This secton focuses on some debugging tools which are pretty nifty in understanding message passing. In order to use them, another flavor of MPI is introduced. Sorry. Good news is, OpenMPI is trying to replace them all.
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LAM/MPI is now in maintenance mode but we'll use it for the debugging tools here. It works slightly different than the other MPI falvors we've used so far. Like OpenMPI and TopSpin, it sets up daemons that talk to each other via message passing. However the
mpirun command does not start those daemons, you must start them manually.
There is a script
/share/apps/bin/mpi-mpirun.lam that will do all this for you when you submit your code to our scheduler. However, in order to understand the sequence of events, this example will do it all via little scripts. LAM/MPI is installed in
/share/apps/lam-7.1.3 compiled with gcc/g95. Not against the TopSpin infiniband libraries. Sorry, i'm getting lazy.
In order to start our daemons we need a machine file again. Like below. In this case we'll use swallowtail as the collection worker for XMPI (first one listed) and assign 8 workers on both hosts in the GigE-enabled nodes of the debug queue. They are all on the 192.168.1.xxx network.
swallowtail.local compute-2-31 compute-2-31 compute-2-31 compute-2-31 compute-2-31 compute-2-31 compute-2-31 compute-2-31 compute-2-32 compute-2-32 compute-2-32 compute-2-32 compute-2-32 compute-2-32 compute-2-32 compute-2-32
We'll create a startup and shutdown script for the daemons, like so:
#!/bin/bash export ROOT=/share/apps/lam-7.1.3 export PATH=$ROOT/bin:$PATH lamboot -d ./machines-debug -prefix $ROOT
#!/bin/bash export ROOT=/share/apps/lam-7.1.3 export PATH=$ROOT/bin:$PATH wipe -v ./machines-debug
Note when we 'boot' or 'wipe' the LAM space, we simply point it to the “machinefile”, also called a schema, but mpirun has nothing to do with it. After starting the daemons, we have 9 daemons running: one on swallowtail connected to 16 daemons on the compute nodes in question. One of those back end daemons is worker 0. The grand duke. See below.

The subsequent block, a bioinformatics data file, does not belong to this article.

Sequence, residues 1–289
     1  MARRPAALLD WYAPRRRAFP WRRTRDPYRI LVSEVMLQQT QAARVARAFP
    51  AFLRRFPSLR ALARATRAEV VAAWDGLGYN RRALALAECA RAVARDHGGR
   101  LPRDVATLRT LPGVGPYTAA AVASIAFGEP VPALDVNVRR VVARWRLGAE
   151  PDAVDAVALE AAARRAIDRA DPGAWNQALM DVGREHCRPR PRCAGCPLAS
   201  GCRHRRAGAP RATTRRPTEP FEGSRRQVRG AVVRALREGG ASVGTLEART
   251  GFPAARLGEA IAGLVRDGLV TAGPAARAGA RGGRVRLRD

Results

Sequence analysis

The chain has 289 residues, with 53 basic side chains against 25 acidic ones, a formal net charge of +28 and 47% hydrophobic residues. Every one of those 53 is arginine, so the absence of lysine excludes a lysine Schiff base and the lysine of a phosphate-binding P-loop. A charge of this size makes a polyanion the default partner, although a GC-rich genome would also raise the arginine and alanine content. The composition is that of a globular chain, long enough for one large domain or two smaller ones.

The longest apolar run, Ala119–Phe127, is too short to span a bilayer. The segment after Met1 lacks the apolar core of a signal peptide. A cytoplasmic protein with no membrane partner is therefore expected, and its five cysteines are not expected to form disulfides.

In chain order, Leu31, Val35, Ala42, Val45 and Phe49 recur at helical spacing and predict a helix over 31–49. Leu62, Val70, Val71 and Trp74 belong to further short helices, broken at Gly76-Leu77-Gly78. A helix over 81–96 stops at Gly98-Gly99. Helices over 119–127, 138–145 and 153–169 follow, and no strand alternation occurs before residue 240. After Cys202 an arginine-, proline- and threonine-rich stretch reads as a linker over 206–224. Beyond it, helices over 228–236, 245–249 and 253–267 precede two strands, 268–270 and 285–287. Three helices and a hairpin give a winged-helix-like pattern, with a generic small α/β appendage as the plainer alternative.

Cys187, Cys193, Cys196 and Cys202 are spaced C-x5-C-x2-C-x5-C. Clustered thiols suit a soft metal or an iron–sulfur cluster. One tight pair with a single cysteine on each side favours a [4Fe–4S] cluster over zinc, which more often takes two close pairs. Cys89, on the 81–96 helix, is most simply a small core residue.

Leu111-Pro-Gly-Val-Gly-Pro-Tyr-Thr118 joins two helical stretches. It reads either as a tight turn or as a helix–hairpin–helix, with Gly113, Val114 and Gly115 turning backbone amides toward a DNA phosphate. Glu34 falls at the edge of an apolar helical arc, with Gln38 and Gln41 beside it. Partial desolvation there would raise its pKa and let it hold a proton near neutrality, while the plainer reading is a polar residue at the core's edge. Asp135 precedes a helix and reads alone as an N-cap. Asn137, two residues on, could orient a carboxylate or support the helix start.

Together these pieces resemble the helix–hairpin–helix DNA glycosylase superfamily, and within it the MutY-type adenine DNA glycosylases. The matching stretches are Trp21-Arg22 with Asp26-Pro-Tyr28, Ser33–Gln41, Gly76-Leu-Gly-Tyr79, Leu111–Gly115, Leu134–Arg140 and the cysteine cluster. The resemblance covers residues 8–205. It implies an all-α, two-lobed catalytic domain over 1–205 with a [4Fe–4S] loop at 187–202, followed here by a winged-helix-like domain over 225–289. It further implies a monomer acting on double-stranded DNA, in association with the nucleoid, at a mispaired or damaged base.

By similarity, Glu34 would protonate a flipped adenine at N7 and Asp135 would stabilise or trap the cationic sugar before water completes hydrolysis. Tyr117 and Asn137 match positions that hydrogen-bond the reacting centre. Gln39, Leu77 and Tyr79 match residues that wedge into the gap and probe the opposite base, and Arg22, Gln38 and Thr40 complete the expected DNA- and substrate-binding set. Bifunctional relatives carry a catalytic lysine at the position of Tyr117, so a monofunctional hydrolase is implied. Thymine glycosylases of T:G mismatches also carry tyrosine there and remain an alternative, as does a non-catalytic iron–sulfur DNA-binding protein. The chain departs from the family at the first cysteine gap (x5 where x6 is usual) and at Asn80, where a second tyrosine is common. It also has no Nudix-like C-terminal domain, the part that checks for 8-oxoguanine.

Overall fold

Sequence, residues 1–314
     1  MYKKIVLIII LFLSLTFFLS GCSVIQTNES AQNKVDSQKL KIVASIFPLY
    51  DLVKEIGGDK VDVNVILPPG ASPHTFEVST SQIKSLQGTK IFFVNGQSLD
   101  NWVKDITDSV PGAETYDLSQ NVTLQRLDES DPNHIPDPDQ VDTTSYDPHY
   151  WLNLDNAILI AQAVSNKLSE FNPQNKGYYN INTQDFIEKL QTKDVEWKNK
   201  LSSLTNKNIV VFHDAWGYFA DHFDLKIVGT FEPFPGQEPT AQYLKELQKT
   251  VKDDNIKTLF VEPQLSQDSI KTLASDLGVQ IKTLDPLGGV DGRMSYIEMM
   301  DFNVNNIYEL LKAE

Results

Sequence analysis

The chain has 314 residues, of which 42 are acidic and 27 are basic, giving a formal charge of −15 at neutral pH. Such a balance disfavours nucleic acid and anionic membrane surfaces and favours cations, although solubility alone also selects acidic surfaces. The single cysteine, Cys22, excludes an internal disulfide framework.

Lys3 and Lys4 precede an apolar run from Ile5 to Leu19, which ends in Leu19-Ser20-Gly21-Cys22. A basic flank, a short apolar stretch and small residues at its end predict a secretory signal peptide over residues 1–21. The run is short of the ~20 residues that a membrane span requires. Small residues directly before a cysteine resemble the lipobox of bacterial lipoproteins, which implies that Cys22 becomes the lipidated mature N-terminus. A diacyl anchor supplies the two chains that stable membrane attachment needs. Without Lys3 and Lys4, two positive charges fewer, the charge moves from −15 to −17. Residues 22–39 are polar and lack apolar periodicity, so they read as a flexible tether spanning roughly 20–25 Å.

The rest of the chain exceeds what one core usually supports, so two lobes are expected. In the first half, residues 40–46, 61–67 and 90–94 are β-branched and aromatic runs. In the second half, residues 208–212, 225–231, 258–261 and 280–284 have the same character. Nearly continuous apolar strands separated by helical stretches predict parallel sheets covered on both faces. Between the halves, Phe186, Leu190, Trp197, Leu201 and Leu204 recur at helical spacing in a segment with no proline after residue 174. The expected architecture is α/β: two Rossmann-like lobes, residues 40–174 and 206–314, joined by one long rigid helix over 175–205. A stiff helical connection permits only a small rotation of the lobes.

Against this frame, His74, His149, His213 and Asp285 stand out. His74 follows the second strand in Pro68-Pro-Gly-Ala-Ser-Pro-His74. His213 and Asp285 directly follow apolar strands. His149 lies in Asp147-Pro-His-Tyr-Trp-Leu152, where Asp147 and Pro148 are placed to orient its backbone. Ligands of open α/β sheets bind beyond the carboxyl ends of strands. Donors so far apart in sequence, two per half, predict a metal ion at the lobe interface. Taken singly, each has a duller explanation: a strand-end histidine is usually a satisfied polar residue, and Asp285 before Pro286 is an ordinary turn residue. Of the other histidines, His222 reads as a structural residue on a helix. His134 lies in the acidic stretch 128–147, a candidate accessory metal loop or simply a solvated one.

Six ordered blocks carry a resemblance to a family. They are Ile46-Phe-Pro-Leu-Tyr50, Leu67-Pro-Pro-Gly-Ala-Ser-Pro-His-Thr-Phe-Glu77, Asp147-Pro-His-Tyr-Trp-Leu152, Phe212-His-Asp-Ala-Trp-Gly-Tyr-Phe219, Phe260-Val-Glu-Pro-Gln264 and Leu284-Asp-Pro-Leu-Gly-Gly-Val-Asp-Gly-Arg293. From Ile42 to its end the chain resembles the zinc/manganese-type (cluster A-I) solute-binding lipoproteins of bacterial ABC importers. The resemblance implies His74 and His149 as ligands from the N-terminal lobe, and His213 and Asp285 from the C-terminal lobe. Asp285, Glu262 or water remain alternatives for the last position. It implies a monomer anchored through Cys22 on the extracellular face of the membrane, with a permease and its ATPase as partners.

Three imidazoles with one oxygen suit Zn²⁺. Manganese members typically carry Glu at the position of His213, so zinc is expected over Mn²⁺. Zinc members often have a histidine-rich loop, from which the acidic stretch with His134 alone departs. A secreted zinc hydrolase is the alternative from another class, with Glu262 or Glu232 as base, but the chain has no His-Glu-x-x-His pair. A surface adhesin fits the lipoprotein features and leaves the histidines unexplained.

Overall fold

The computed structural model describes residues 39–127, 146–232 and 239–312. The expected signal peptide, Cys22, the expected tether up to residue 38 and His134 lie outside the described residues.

[hmeij@swallowtail xmpi]$ export PATH=/share/apps/lam-7.1.3/bin:$PATH [hmeij@swallowtail xmpi]$ ./lam.boot ...lots of info on started daemons... [hmeij@swallowtail xmpi]$ lamnodes n0 swallowtail.local:1:origin,this_node n1 compute-2-31.local:8: n2 compute-2-32.local:8:
Finally what we need to do is compile a program with LAM/MPI to observe while it is running. We'll use Galaxsee again and compile it with
mpicc in the LAM installation. You can use the copy in ~hmeij/xmpi if you wish. It will be an interactive session so please quit it when you're done.
XMPI is a graphical user interface for running MPI programs, monitoring MPI processes and messages, and viewing execution trace files. It is simply fun. There are others like the commercial TotalView or DDT and the open source GNU
gdb. You can also debug your MPI program by compiling with the gcc flag
-g (get it? stands for debug). Or put lots of irrate
printf statements in your code.
xmpi by pointing it to your LAM schema. Again, a little script so we don't forget the syntax.
#!/bin/bash export ROOT=/share/apps/lam-7.1.3 export PATH=$ROOT/bin:$PATH xmpi ./machines-debug
Once we start it we get a window like:
XMPI runs the program, collects a bunch of information, and displays the results. Pretty fast, eh? You now have a window like this:
Swallowtail's daemon represents each daemon in a beehive hexagon. Worker 0 is the head worker. This worker will broadcast “hey all, check in please and get your work assignments”. Worker 1-15 do that, calculate the planet bodies movement, and report the result back to worker 0. And the process is repeated for each time unit.
For clarity we'll use 4 workers from now on. Once the program has run, click 'Trace', which collects all MPI events. Use the VCR controls and get a readable window. Green represents running, red represents blocked waiting on communication and yellow represents time spent inside an MPI function not blocked on communication (we call this system overhead time as it typically represents time doing data conversion, message packing, etc). White lines indicate messages being passed.
Notice how much time is actually spend in “blocked state” despite parallel processing. There's an art to it i'm sure. We can get a composite view of the total time spend across nodes with the Kiviat tool at any point in time. We can watch message passing (to / from) with the Matrix tool at any point in time. Or animate either tool until we find something odd.
And there's much more. Go to this detailed description for an in depth discussion.
If you want to run this demo, go to ~hmeij/xmpi and simply
You can save these runs for later viewing. Nifty. So my question is why does OpenMPI or TopSpin not have tools like this? Dunno.
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